European Heart Journal 08/2015; 36(suppl. 1):1155-1155. · 15.20 Impact Factor
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    ABSTRACT: Variability of blood pressure (BP) across outpatient visits is frequently dismissed as random fluctuation around a patient's underlying BP. To examine the association of visit-to-visit variability (VVV) of systolic BP (SBP) and diastolic BP with cardiovascular disease (CVD) and mortality outcomes. Prospective cohort study. Post hoc analysis of ALLHAT (Antihypertensive and Lipid-Lowering Treatment to Prevent Heart Attack Trial). 25 814 ALLHAT participants. The VVV of SBP was defined as the SD across SBP measurements obtained at 7 visits conducted from 6 to 28 months after ALLHAT enrollment. Participants without CVD events during the first 28 months of follow-up were followed from the 28-month visit through the end of active ALLHAT follow-up. Outcomes included fatal coronary heart disease (CHD) or nonfatal myocardial infarction (MI), all-cause mortality, stroke, and heart failure. During follow-up, 1194 fatal CHD or nonfatal MI events, 1948 deaths, 606 strokes, and 921 heart failure events occurred. After multivariable adjustment, including for mean SBP, the hazard ratio comparing participants in the highest versus lowest quintile of SD of SBP (≥14.4 mm Hg vs. <6.5 mm Hg) was 1.30 (95% CI, 1.06 to 1.59) for fatal CHD or nonfatal MI, 1.58 (CI, 1.32 to 1.90) for all-cause mortality, 1.46 (CI, 1.06 to 2.01) for stroke, and 1.25 (CI, 0.97 to 1.61) for heart failure. Higher VVV of diastolic BP was also associated with CVD events and mortality. Long-term outcomes were not available. Higher VVV of SBP is associated with an increased risk for CVD and mortality. Future studies should examine whether reducing VVV of BP lowers this risk. National Institutes of Health.
    Annals of internal medicine 07/2015; 163(5). DOI:10.7326/M14-2803 · 17.81 Impact Factor
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    ABSTRACT: Statin therapy may lower plasma coenzyme Q10 (CoQ10) concentrations, but the evidence as to the significance of this effect is unclear. We assessed the impact of statin therapy on plasma CoQ10 concentrations through the meta-analysis of available RCTs. The literature search included selected databases up to April 30, 2015. The meta-analysis was performed using either a fixed-effects or random-effect model according to I2 statistic. Effect sizes were expressed as weighted mean difference (WMD) and 95% confidence interval (CI). The data from 8 placebo-controlled treatment arms suggested a significant reduction in plasma CoQ10 concentrations following treatment with statins (WMD: −0.44 μmol/L, 95%CI: −0.52, −0.37, p < 0.001). The pooled effect size was robust and remained significant in the leave-one-out sensitivity analysis. Subgroup analysis suggested that the impact of statins on plasma CoQ10 concentrations is significant for all 4 types of statins studied i.e. atorvastatin (WMD: −0.41 μmol/L, 95%CI: −0.53, −0.29, p < 0.001), simvastatin (WMD: −0.47 μmol/L, 95% CI: −0.61, −0.33, p < 0.001), rosuvastatin (WMD: −0.49 μmol/L, 95%CI: −0.67, −0.31, p < 0.001) and pravastatin (WMD: −0.43 μmol/L, 95%CI: −0.69, −0.16, p = 0.001). Likewise, there was no differential effect of lipophilic (WMD: −0.43 μmol/L, 95%CI: −0.53, −0.34, p < 0.001) and hydrophilic statins (WMD: −0.47 μmol/L, 95%CI: −0.62, −0.32, p < 0.001). With respect to treatment duration, a significant effect was observed in both subsets of trials lasting <12 weeks (WMD: −0.51 μmol/L, 95%CI: −0.64, −0.39, p < 0.001) and ≥12 weeks (WMD: −0.40 μmol/L, 95%CI: −0.50, −0.30, p < 0.001). The meta-analysis showed a significant reduction in plasma CoQ10 concentrations following treatment with statins. Further well-designed trials are required to confirm our findings and elucidate their clinical relevance.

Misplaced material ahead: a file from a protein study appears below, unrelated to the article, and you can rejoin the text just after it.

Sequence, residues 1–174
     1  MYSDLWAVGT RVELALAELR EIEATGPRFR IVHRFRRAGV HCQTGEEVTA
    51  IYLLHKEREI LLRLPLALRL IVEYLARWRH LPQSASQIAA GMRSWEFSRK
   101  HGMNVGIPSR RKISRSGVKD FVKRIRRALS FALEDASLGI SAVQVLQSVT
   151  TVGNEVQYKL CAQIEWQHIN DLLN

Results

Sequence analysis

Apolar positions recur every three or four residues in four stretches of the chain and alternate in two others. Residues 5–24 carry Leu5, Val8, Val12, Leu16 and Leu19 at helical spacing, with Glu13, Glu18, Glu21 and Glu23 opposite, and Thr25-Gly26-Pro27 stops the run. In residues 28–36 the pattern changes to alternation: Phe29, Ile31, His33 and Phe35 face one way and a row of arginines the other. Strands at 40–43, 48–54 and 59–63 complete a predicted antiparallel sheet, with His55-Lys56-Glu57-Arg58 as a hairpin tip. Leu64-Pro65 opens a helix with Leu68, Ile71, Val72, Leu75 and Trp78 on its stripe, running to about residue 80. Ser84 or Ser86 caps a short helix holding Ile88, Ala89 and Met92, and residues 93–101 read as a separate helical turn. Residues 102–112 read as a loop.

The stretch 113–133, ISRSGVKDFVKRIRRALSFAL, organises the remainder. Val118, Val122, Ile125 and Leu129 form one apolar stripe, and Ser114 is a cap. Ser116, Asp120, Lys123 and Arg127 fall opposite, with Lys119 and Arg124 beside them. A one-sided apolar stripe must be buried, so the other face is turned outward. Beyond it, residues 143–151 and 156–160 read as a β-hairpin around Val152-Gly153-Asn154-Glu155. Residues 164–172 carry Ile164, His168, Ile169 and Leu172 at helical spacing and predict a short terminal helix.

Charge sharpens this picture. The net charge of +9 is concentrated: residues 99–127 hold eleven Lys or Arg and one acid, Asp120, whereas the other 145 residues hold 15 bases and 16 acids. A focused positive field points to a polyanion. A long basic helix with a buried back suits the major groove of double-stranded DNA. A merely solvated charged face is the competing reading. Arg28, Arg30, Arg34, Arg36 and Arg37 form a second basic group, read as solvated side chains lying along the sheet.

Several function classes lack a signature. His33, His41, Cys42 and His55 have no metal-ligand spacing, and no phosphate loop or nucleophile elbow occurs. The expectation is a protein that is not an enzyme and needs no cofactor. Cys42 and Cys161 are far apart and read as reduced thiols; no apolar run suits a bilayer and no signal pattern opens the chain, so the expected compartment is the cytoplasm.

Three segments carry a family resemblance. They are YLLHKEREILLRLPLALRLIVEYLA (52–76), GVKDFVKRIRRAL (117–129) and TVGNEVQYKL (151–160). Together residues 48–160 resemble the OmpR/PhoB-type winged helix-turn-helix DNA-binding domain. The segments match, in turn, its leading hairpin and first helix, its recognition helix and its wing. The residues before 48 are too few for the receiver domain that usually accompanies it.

Pharmacological Research 07/2015; 99. DOI:10.1016/j.phrs.2015.07.008 · 4.41 Impact Factor
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    ABSTRACT: The American Heart Association developed the Life's Simple 7 metric for defining cardiovascular health. Little is known about the association of co-occurring social risk factors on ideal cardiovascular health. Using data on 11,467 adults aged ≥25years from the National Health and Nutrition Examination Survey 1999-2006, we examined the association between cumulative social risk and ideal cardiovascular health in US adults. A cumulative risk score (range 0 to 3 or 4) was created by summing four social risk factors (low family income, low education level, minority race, and single-living status). Ideal levels for each component in Life's Simple 7 (blood pressure, cholesterol, glucose, BMI, smoking, physical activity, and diet) were used to create an ideal Life's Simple 7 score [0-1 (low), 2, 3, 4, and 5-7 (high)]. Adults with low income (odds ratio [OR]=0.30 [95% CI 0.23-0.39]), low education [0.22 (0.16-0.28)], who are non-white (0.44 [0.36-0.54]) and single-living [0.79 (0.67-0.95)] were less likely to have 5-7 versus 0 ideal Life's Simple 7 scores after adjustment for age and sex. Adults were less likely to attain 5-7 versus 0 ideal Life's Simple 7 scores as exposure to the number of social risk factors increased [OR (95% CI) of 0.58 (0.49-0.68); 0.27 (0.21-0.35); and 0.19 (0.14-0.27) for cumulative social risk scores of 1, 2, and 3 or 4, respectively, each versus 0]. US adults with an increasing number of socially risk factors, were progressively less likely to attain ideal levels of cardiovascular health factors. Copyright © 2015 Elsevier Ireland Ltd. All rights reserved.
    International journal of cardiology 07/2015; 191. DOI:10.1016/j.ijcard.2015.05.007 · 4.04 Impact Factor